Akinwumi (1978). They are a group of people who have come together voluntarily to achieve a common goal by forming a democratically controlled organization, making equitable contributions to the required capital, and accepting a fair share of the risk and benefit of the undertaking (World Bank, 1999, Ebonyi and Jimo, 2002).
1.2 THE PROBLEM STATEMENT
Cooperatives have long been regarded as one of the most important institutional mechanisms for empowering economically disadvantaged members of society. Many agricultural cooperative societies have been formed throughout the country as a result of this official recognition and the determination of government (at all levels) to transform agricultural production and raise the standard of living in rural areas. Despite the cooperative societies' efforts or contribution to agricultural development in Nigeria, this effort has not been widely publicized, and this study was designed to address this issue.
1.3 THE STUDY'S OBJECTIVE
1. Determine the extent to which farmers participate in cooperative societies.
2. Determine the advantages that respondents gain from belonging to various cooperative societies.
3. Identify major issues that are impeding farmer participation in cooperative activities.
4. Make policy recommendations based on funding.
1.4 RESEARCH HYPOTHESIS STATEMENT
Because of the statistical testability of the problems formulated, hypothesis testing as a measure will greatly assist in carrying out the research to a logical conclusion based on the nature of the problems aforementioned.
A hypothesis is an assumption or statement about the population that may or may not be true. Walpole (1974). As a result, the hypothesis of this study is regarded as a tentative statement, which will be considered positive or negative at the conclusion of the research presentation.
i. f0: Agricultural organizations are unaware of the existence of cooperative societies.
ii. f0: Cooperative societies' objectives, programs, and agricultural strategies are not recognized and accepted by agricultural organizations.
F1: Agricultural organizations recognize and accept cooperative societies' objectives, programs, and agricultural strategies.
iii. f0: Cooperative societies have made no positive contributions to agricultural activities.
f1: Cooperative societies have made a positive contribution to agricultural activities.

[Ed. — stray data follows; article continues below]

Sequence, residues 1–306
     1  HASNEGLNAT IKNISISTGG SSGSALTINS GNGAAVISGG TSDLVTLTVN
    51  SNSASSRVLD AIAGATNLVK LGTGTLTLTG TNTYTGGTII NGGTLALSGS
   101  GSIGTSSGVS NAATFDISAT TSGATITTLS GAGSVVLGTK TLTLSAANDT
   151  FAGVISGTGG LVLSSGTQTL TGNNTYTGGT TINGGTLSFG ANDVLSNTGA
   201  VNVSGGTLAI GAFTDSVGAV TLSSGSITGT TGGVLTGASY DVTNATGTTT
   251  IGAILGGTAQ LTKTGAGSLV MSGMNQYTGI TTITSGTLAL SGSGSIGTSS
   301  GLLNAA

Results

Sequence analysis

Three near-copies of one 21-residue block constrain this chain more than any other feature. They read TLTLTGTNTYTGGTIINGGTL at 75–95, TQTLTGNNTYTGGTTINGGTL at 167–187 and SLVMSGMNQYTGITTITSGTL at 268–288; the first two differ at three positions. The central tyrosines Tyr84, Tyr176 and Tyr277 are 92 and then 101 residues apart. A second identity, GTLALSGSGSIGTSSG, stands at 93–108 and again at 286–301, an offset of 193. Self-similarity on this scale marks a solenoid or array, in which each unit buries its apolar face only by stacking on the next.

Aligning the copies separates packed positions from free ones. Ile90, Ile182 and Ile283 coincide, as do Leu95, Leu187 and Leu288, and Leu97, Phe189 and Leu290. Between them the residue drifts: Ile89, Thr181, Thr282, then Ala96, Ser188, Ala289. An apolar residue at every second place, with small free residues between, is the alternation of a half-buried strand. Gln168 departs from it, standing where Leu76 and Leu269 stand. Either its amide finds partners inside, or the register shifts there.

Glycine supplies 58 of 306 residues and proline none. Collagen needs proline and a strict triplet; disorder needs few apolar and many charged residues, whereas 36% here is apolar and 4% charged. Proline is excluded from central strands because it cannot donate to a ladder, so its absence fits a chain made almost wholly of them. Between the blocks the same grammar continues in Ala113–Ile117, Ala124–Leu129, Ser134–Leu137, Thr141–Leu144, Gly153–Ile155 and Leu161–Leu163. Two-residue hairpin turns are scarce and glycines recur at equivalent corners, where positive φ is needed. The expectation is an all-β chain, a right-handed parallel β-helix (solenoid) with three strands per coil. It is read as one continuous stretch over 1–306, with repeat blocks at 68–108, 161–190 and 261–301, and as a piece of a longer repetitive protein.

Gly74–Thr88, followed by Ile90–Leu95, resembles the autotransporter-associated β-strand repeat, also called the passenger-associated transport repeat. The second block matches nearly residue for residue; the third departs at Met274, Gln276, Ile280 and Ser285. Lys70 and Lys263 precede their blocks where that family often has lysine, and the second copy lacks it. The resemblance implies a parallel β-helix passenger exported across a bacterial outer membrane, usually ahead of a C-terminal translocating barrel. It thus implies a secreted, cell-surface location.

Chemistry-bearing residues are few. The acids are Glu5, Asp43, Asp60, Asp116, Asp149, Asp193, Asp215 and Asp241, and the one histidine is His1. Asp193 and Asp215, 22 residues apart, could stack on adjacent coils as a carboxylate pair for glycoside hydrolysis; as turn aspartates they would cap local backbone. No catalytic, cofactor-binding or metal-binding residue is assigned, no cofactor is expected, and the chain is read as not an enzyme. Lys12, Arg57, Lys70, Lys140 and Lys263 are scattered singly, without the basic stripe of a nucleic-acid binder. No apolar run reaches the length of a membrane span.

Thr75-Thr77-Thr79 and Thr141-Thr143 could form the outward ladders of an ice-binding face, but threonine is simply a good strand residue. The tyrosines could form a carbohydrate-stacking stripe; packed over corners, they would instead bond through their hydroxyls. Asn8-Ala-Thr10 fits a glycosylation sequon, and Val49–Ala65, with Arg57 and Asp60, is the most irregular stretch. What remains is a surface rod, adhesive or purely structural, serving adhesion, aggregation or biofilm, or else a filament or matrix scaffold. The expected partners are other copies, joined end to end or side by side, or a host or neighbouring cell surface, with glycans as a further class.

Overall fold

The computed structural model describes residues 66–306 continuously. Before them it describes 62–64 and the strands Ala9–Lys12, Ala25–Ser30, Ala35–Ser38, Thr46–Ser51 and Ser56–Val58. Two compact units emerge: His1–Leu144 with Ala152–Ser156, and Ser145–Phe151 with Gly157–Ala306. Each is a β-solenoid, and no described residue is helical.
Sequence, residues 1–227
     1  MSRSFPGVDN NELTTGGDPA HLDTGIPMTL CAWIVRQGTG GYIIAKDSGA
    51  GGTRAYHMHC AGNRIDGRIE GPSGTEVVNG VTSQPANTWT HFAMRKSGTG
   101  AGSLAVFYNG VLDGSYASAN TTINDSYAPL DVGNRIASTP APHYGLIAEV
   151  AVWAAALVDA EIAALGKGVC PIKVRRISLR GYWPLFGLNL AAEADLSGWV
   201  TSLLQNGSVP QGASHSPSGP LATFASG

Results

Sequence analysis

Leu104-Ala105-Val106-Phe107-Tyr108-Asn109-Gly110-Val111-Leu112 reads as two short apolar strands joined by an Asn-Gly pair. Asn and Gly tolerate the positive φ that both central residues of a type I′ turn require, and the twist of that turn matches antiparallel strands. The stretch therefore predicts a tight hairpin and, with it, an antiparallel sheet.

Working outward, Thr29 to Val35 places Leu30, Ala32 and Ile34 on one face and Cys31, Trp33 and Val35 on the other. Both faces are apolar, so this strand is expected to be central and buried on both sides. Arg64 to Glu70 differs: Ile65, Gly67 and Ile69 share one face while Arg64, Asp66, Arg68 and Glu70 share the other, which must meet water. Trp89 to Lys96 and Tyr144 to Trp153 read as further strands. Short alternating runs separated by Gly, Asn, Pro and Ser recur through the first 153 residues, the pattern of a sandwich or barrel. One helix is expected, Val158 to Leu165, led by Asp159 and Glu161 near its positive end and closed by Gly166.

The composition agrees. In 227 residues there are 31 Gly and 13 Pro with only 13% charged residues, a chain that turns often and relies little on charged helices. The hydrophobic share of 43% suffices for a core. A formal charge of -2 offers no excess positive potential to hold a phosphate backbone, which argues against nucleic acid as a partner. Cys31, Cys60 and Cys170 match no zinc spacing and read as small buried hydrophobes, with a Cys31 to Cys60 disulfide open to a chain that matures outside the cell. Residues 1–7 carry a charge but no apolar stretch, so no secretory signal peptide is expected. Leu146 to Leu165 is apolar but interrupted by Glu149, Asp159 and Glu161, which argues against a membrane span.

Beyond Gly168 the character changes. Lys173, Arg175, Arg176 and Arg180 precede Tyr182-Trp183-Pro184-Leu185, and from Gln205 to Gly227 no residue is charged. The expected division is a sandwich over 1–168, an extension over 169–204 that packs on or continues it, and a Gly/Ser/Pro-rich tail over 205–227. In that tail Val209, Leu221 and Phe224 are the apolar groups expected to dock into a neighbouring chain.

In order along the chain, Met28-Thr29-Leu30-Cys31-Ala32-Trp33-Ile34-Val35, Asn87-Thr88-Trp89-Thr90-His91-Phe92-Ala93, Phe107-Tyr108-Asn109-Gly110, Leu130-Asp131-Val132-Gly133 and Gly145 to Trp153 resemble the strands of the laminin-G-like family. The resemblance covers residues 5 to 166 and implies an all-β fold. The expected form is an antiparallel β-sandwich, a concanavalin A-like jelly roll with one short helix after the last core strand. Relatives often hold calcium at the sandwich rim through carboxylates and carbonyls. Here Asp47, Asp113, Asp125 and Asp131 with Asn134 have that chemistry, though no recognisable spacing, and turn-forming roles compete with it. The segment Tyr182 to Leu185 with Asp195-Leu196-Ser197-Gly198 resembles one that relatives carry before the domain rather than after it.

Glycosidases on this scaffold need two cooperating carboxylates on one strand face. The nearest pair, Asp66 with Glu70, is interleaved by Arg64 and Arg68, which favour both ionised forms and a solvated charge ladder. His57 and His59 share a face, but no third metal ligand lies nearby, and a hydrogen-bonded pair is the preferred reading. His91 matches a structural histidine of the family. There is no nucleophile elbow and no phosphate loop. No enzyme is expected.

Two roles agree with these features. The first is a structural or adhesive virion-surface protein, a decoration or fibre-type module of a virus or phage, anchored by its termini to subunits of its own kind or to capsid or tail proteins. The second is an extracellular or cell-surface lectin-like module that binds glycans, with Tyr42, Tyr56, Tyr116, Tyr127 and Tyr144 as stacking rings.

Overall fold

1.5 THE STUDY'S SIGNIFICANCE
This study is attempting to determine the impact of cooperative societies on agricultural production in the Oredo Local Government Area of edo state. knowing the contribution of cooperative societies will encourage farmers and enlighten them on the significance of this society. This study will also reveal solutions to the problems impeding farm participation in cooperative activities in the study area.
1.6 THE STUDY'S OBJECTIVE
The research will highlight the importance of cooperative societies in financing farmers in rural Edo State.
Agriculture is the process of growing plants and raising domesticated animals in order to produce food, feed, and fiber. It is a broad term for productive activities such as crop cultivation. animal raising (including poultry) forestry and fishing
Cooperative: An autonomous association of individuals who write voluntarily to meet their common economic and social needs and aspirations through a jointly owned and democratically controlled enterprise.
Society: A group of people who live together in communities or a specific group of people who share the same customs, laws, and so on.
When referring to a group or a group of people who share the same religion, the term “community” refers to the people who live in a specific country, etc.
Development is a broad term that encompasses a wide range of concepts. However, when it comes to countries, development simply means achieving an acceptable standard of living for all people. Developed countries are not always rich, and all rich countries are not always developed.
Economic: This is the realized social system of a country's or areas' production, exchange, distribution, and consumption of goods and services.
Organization: A group of people who form a business, club, or work together to achieve a specific goal, or the act of making arrangements or preparations for something.
Gross Domestic Product (GDP): A measure of all services and goods produced in a country over a specific time period, typically a year.
GDP = C+I+G+ (consumption + gross investment + government + export – import)
Peasant: An agricultural worker with roots in the countryside in which they live, either working for others or owning or renting and working a small plot of land with his or her own labor.
Arable land is land that can be used to grow crops.